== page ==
# How to implement Heun's method to solve a 2nd order ODE? [closed]

I am trying to simulate a soft body object by having a collection of points connected by springs. I also want to have the object bounce on a plane. I have been able to implement Euler's method to make this simulation work, but it is not satisfactory because when I increase the spring constants it becomes unstable. Ideally I would like to implement the Runge-Kutta 4th order method for this simulation, but for now I just want to implement Heun's method, which is the Runge-Kutta 2nd order method.

From what I understand, this is what you have to do:

1. Compute the acceleration of every vertex.
2. Using Euler's method, compute the new velocities and positions of each vertex after one time interval, and store these new vertices in a seperate data structure from the original vertices.
3. Compute the acceleration of every vertex in their new positions.
4. Compute the average of the 2 accelerations you computed.
5. Using this average acceleration, use Euler's method again to compute the new velocites and positions of each vertex after one time interval, starting from the original vertex velocities and positions.

This almost works, but when the object bounces off the plane, it only bounces half as high each time, essentially losing energy. If I just use Euler's method, it does not lose energy.

I factor the collision and gravity forces when I compute the acceleration. The way I am calculating the collision force from the ground is if a vertex is below the ground, then I pretend there is a spring with an equilibrium distance of 0 between the ground and the vertex. Is there something in my algorithm that is incorrect?

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There are better ODE-solving algorithms than RK when stiffness is a concern. My hands-down favorite, if the system is linear, as it sounds like yours is, is matrix-exponent. – Mike Dunlavey Dec 4 '11 at 14:50
"This almost works, but when the object bounces off the plane, it only bounces half as high each time, essentially losing energy." One possible cause of that is transfer of kinetic energy from overall body motion to internal motion. – mmc Dec 4 '11 at 19:02
@mmc: if this were the answer, it would be the same in Euler. – Ron Maimon Dec 7 '11 at 7:07
@RonMaimon Maybe he is having gross energy non-conservation when using Euler, but you are probably right. – mmc Dec 7 '11 at 11:51
@Thomas Ryabin: Maybe the question would fit better on scicomp.SE? Don't forget to provide crosspost links if you do this (without the help of moderators), i.e. crossposting (as opposed to migration). Alternatively, you can flag the moderators for migration. – Qmechanic Mar 4 '12 at 16:15

## closed as off topic by Qmechanic♦Dec 30 '12 at 7:46

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Your description of the algorithm is correct, and this is the best quick-and-dirty algorithm for day-to-day simulations. But you have to specify far more detail if you want a certain answer.

One possible reason is that the force near the ground is too sharply varying. You can replace the ground-particle force with just reflecting boundary conditions, so that whenever the y-coordinate of any particle is less than zero, you reverse it's y-velocity (instantly, without any Heun back and forth, just sweep over the particles at the beginning of each time step, and if y<0, $v_y=-v_y$). Then you don't need to have any force from the ground at all. But you will get sound losses in the material during the bounce.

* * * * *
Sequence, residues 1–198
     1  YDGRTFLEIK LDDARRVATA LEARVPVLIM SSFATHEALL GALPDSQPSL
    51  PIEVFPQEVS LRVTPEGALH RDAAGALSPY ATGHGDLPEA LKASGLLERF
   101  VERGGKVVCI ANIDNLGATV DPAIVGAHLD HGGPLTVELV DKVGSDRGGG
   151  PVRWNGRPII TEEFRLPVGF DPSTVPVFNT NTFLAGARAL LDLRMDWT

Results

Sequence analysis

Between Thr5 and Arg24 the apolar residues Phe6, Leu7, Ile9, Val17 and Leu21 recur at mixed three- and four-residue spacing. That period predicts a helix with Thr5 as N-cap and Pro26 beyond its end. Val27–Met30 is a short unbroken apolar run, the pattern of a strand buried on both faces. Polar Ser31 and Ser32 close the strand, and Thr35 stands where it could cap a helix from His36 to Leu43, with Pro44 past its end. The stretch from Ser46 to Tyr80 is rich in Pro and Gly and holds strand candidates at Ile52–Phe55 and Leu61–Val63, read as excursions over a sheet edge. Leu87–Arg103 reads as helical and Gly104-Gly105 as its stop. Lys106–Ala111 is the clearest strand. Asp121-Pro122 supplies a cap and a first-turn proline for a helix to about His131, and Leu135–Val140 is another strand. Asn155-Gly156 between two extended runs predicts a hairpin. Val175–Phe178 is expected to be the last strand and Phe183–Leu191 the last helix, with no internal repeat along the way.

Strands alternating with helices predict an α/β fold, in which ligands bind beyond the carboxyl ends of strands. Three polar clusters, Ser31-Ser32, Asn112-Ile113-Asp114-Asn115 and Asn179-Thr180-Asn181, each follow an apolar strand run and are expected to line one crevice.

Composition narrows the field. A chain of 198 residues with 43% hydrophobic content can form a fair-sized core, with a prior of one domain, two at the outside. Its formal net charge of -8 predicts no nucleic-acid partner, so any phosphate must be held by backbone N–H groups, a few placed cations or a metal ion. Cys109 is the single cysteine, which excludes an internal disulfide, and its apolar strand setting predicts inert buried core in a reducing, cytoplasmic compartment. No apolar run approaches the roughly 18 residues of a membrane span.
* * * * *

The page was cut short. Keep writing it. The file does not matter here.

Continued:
If you want a good diagnostic, add up the total energy (potential + kinetic) and plot it with time. It is difficult to say more, because you can't debug code without seeing it.

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 The way I am calculating the force from the ground is if a vertex is below the ground, then I pretend there is a spring with an equilibrium distance of 0 between the ground and the vertex. I'll try putting the collision calculations outside of the Heun algorithm. – Thomas Dec 4 '11 at 17:26 The half spring should work if the spring constant is not too big. – Ron Maimon Dec 4 '11 at 17:43

If you have the accelerations as a=f(t,x,v) then starting from t_1, x_1, v_1 and taking a time step h, do the following:

1. K0 = f(t_1, x_1, v_1)
2. K1 = f(t_1+h, x_1+h*v_1, v+h*K0)
3. t_2 = t_1 + h
4. v_2 = v_1 + h*(K0/2+K1/2)
5. x_2 = x_1 + h*(v_1+h*(K0/3+K1/6))

where x_2 and v_2 are the positions and velocities after the step h.

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 Where did the "K0/3 + K1/6" in step 5 come from? – Thomas Dec 5 '11 at 19:03 If you assume a linear variation of acceleration with respect to time it comes out like that. The standard method has a constant acceleration x_1+h*(v_1+h*K0/2) term only and it is way too unstable. – ja72 Dec 5 '11 at 22:58 @Ja72: It is only "unstable" in the technical sense of stiffness, which happens when you take time scales which are larger than the largest inverse frequency in the problem. This is never the case in discrete particle/spring simulations. He could use the obvious Euler algorithm, or any of the simplest correctors and the answer should be grossly the same. It is pointless to make a better algorithm for this type of thing. – Ron Maimon Jan 4 '12 at 15:03